Vitamin B12 Deficiency: A Complication of Gastric Bypass
 Can also be experienced with other forms of Weight Loss Surgery

 By Charlene Collins , published Jul 16, 2008 Published Content:

The benefits of the bypass clearly outweigh the risks for most people; that being said, there is a downside for some people, including myself. Thousands of Americans are severely obese. Sometimes the only hope an individual has for a normal life is to undergo a procedure such as a gastric bypass. Even though the Lap-band procedure is popular, the bypass still remains the most sought after, when diets just don't work. The benefits of the bypass clearly outweigh the risks for most people; that being said, there is a downside for some people, including myself.

For the last couple of years I have been noticing that I have been having memory loss. For the last year I was treated with the antidepressant, Welbutrin, in case my memory loss was linked to depression. I have not been depressed, but frustrated because I can't remember. I have aphasia at times where I cannot think of a word. I might be in conversation and then I can't think of the word for an object. One morning I wanted to say something about the telephone, I could see the phone in my mind, but could not find the word, so that I could say it. I am so forgetful that I went back to my doctor convinced that I had early onset Alzheimer's disease. My doctor sent me to a neurologist and ordered a lot of tests. The only alarming result was that my body has been depleted of Vitamin B-12.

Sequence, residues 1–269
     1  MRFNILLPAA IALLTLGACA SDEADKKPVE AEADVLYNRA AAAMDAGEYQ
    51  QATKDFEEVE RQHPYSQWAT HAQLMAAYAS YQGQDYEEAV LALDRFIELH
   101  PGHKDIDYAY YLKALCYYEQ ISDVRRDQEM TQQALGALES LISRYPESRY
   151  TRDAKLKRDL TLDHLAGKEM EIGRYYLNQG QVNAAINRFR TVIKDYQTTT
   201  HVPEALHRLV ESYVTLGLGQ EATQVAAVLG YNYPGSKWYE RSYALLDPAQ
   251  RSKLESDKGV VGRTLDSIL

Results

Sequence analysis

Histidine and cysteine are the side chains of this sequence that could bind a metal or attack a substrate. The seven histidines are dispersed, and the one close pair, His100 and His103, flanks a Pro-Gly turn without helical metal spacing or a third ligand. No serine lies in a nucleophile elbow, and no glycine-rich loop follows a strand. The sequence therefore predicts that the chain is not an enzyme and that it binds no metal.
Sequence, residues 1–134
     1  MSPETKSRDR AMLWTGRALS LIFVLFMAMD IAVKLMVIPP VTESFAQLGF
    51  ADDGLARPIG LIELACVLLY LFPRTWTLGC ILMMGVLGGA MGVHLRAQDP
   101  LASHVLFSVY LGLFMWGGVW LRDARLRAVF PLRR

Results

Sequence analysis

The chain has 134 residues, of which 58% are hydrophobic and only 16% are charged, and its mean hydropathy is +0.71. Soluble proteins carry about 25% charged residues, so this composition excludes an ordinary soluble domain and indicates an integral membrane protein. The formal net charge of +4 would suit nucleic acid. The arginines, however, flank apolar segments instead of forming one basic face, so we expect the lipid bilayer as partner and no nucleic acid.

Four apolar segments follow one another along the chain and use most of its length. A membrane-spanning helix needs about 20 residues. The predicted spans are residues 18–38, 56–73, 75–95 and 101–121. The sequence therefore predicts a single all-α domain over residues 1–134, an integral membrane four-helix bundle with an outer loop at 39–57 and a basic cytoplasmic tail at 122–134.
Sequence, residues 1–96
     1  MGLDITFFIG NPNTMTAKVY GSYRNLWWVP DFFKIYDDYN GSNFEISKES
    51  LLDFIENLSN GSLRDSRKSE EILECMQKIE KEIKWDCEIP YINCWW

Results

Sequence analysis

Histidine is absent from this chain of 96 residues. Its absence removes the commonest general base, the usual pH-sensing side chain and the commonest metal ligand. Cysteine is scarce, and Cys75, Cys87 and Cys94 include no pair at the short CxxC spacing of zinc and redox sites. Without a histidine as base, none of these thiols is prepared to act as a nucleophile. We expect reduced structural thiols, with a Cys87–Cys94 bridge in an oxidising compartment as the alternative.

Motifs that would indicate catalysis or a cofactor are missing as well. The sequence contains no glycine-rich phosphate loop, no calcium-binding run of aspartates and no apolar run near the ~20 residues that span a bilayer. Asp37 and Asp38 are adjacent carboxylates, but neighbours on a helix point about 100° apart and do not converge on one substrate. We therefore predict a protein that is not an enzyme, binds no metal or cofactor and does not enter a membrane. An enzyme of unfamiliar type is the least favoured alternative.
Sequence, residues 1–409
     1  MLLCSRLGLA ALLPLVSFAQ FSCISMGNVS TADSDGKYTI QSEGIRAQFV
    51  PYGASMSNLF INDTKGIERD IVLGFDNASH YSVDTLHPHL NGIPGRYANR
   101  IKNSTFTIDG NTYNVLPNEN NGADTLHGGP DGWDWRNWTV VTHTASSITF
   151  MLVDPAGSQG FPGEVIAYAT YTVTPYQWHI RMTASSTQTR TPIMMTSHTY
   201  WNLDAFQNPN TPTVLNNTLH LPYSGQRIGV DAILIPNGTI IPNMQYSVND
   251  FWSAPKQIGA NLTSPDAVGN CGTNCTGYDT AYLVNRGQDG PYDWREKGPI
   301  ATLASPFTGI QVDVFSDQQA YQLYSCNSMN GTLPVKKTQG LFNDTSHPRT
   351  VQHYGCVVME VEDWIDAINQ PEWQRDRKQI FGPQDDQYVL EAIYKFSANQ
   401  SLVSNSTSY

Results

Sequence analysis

The body is dependent on Vitamin B-12 and folic acid for normal red blood cell formation, repair and synthesis of DNA. B-12 is also necessary for the formation of myelin that forms the myelin sheath-the coating over the nerves of the brain and spinal cord. Normally 3 to 5 years worth of Vitamin B-12 is stored in the liver. It is synthesized in the stomach. Stomach acids react with the ingested protein foods in the stomach to isolate the B-12. Then a substance called intrinsic factor, (produced by specialized cells in the stomach lining) binds with the B-12 and then follows the digestive tract to the small intestine to be absorbed.

If you've had a gastric bypass most of the stomach is bypassed. You have a very small pouch that acts similarly to a funnel to empty ingested food into the small intestine. The part of the stomach, that makes the intrinsic factor is bypassed. The food that is ingested does not go into that part of the stomach, so Vitamin-B12 cannot be absorbed. People who have had a gastric bypass may need to get Vitamin B-12 injections at certain intervals throughout their lives, because their bodies cannot synthesize it.

The symptoms of Vitamin B-12 deficiency are subtle. People that have had a gastric bypass may slowly manifest symptoms such as dizziness, confusion, paranoia, loss of appetite, fatigue, pallor of the skin, shortness of breath, or rapid heartbeat. They may suffer from sleep disorders, change in personality, memory loss, depression and psychosis. These symptoms are not the worst outcome of Vitamin B-12 anemia, but they preclude a condition called pernicious anemia, which is fatal. Pernicious anemia depletes the body of red blood cells; if the body does not have enough red blood cells, the body is starved of oxygen. The symptoms become bothersome long before pernicious anemia sets in; this is when people will go to the doctor because they don't feel well.

It is important to gastric bypass recipients to always take a good multivitamin, because B-12 needs folic acid to be absorbed by the body. I you had a gastric bypass and you have any of the symptoms that I have mentioned in this article, please mention them to your primary care physician. For more information about Vitamin B-12 deficiency I will list my source at the bottom of this article.